As the National Education Association wraps up its annual meeting today in New Orleans, the rift between the Obama administration and the teachers unions is becoming ever more apparent. As the Times reports, this year's meeting included no token speaker from the Department of Education, which has sparked disagreement from the unions over programs like "Race to the Top," a $4.5 billion competitive-grant fund that requires teachers to be judged based on student test scores.
But the administration is just riding the recent "reform" wave that's adopted teachers and teachers' unions as a scapegoat for all the failures of the American education system. Sure, as Steven Brill's much-discussed article in The New Yorker about New York City's "rubber rooms" demonstrates, union-negotiated hiring and retention practices in some districts have shielded bad teachers from being fired. But it's worth noting that, historically, teachers' unions have actually been at the forefront of accountability efforts. As Richard Greenwald at In These Times points out, in the last century they helped professionalize teaching and secured adequate funding for public education. Unfortunately, the latest reform efforts have rolled back many of these accomplishments, funneling money to charter schools that have little government oversight and have led to racial resegregation in some areas.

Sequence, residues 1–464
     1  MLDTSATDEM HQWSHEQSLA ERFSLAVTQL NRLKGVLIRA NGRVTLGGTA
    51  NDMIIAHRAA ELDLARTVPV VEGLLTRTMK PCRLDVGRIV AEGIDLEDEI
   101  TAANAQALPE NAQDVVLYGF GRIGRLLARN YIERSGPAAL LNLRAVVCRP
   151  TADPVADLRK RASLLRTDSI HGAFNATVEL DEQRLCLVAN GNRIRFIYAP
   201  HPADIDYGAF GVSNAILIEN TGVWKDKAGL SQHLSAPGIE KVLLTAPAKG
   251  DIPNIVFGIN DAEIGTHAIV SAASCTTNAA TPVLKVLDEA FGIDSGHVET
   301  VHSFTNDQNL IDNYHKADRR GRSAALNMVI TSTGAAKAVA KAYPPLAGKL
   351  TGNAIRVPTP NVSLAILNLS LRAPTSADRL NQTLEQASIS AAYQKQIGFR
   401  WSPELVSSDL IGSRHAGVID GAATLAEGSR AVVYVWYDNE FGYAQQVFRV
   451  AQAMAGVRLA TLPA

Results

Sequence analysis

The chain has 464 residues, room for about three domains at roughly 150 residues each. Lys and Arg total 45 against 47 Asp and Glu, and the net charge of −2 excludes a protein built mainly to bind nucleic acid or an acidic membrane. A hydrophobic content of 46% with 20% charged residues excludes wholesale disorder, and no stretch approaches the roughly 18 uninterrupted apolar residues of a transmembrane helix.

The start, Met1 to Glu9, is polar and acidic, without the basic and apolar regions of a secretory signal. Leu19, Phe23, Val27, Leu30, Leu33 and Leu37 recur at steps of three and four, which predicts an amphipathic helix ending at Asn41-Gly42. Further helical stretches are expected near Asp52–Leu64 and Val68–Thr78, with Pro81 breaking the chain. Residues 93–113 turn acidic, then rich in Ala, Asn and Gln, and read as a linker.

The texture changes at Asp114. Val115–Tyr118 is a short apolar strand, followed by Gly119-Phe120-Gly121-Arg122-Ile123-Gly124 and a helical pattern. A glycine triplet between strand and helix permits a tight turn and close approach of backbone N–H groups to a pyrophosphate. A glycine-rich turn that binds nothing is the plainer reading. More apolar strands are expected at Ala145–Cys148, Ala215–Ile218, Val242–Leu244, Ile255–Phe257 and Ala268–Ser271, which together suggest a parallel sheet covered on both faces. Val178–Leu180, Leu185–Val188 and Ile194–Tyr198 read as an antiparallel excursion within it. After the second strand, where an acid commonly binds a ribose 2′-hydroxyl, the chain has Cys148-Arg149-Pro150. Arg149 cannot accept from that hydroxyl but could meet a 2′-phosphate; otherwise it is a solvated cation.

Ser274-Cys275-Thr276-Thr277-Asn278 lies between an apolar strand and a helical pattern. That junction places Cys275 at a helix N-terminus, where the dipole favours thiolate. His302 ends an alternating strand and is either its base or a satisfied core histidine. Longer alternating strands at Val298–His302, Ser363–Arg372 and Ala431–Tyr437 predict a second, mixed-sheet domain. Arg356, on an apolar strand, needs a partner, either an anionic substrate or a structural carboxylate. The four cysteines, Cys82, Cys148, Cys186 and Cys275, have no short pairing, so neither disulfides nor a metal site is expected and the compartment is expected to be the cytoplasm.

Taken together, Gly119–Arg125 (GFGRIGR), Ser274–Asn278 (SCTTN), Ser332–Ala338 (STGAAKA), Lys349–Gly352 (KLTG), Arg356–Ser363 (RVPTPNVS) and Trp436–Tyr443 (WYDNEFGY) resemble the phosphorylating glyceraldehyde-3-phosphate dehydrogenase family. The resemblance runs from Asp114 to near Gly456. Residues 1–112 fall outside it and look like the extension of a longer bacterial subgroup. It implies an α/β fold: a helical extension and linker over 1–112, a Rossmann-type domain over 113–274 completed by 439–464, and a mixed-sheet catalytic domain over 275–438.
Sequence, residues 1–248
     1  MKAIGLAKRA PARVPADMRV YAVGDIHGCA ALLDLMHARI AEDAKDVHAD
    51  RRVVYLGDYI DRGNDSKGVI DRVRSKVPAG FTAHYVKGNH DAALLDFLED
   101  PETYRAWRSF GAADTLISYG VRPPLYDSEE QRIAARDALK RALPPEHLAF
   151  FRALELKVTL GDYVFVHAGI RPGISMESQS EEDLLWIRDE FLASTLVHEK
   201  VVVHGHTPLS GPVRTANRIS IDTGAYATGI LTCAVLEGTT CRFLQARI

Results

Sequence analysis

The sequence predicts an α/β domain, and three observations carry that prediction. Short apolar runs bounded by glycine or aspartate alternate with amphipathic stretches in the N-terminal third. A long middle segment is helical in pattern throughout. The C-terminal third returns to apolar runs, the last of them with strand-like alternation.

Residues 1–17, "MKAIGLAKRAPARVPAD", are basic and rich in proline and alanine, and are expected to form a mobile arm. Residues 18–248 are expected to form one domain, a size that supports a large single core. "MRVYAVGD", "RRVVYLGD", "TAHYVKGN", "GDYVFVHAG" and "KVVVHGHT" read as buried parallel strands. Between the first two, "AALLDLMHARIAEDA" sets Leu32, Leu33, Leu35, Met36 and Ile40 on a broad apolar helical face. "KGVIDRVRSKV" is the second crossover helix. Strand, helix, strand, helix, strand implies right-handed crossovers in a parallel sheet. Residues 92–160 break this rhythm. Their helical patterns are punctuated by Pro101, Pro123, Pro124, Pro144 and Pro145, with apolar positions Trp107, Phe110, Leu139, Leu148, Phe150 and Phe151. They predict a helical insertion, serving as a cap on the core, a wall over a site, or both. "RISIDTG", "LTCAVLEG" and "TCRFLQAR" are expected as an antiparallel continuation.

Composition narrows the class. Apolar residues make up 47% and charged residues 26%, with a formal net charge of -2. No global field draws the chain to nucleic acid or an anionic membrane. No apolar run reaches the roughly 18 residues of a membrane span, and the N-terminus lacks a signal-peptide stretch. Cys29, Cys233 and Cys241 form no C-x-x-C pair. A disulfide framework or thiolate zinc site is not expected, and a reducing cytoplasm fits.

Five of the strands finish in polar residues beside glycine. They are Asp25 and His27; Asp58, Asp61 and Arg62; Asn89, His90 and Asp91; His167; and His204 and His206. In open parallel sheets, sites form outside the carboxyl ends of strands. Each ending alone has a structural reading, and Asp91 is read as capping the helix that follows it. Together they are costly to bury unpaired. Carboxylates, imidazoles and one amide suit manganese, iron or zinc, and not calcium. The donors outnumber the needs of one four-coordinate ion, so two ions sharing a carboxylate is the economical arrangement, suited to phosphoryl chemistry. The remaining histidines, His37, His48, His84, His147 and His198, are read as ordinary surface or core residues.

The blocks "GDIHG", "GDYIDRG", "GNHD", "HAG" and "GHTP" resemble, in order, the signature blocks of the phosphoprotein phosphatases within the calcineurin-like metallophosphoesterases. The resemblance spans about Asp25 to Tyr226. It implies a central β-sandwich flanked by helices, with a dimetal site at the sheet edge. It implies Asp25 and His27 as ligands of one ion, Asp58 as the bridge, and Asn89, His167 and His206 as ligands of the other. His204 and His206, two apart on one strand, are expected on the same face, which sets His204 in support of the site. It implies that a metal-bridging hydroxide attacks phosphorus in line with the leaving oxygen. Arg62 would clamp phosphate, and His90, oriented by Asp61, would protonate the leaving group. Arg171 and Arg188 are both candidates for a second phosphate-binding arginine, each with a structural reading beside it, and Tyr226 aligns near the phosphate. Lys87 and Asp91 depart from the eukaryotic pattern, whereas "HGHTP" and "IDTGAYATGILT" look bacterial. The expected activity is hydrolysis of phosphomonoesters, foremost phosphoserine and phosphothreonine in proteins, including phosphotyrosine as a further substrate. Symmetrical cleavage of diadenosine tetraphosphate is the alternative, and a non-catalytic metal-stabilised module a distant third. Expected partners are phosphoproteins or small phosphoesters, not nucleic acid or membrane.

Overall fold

What makes the blame-the-teacher push in public education so counterproductive is that, after all, it's these same teachers who are largely responsible for educating students. It's difficult to argue that each classroom shouldn't have a qualified teacher in it, or that bad teachers should be kept on. But for all the talk about "improving teacher quality," few of the initiatives aimed at doing this actually focus on making teachers better by encouraging continuing education and mentorship. They're mostly concerned with rooting out the bad ones. As any good teacher will tell you, it's much more effective to incentivize achievement than to stick a dunce cap on someone when they fail.
-- Gabriel Arana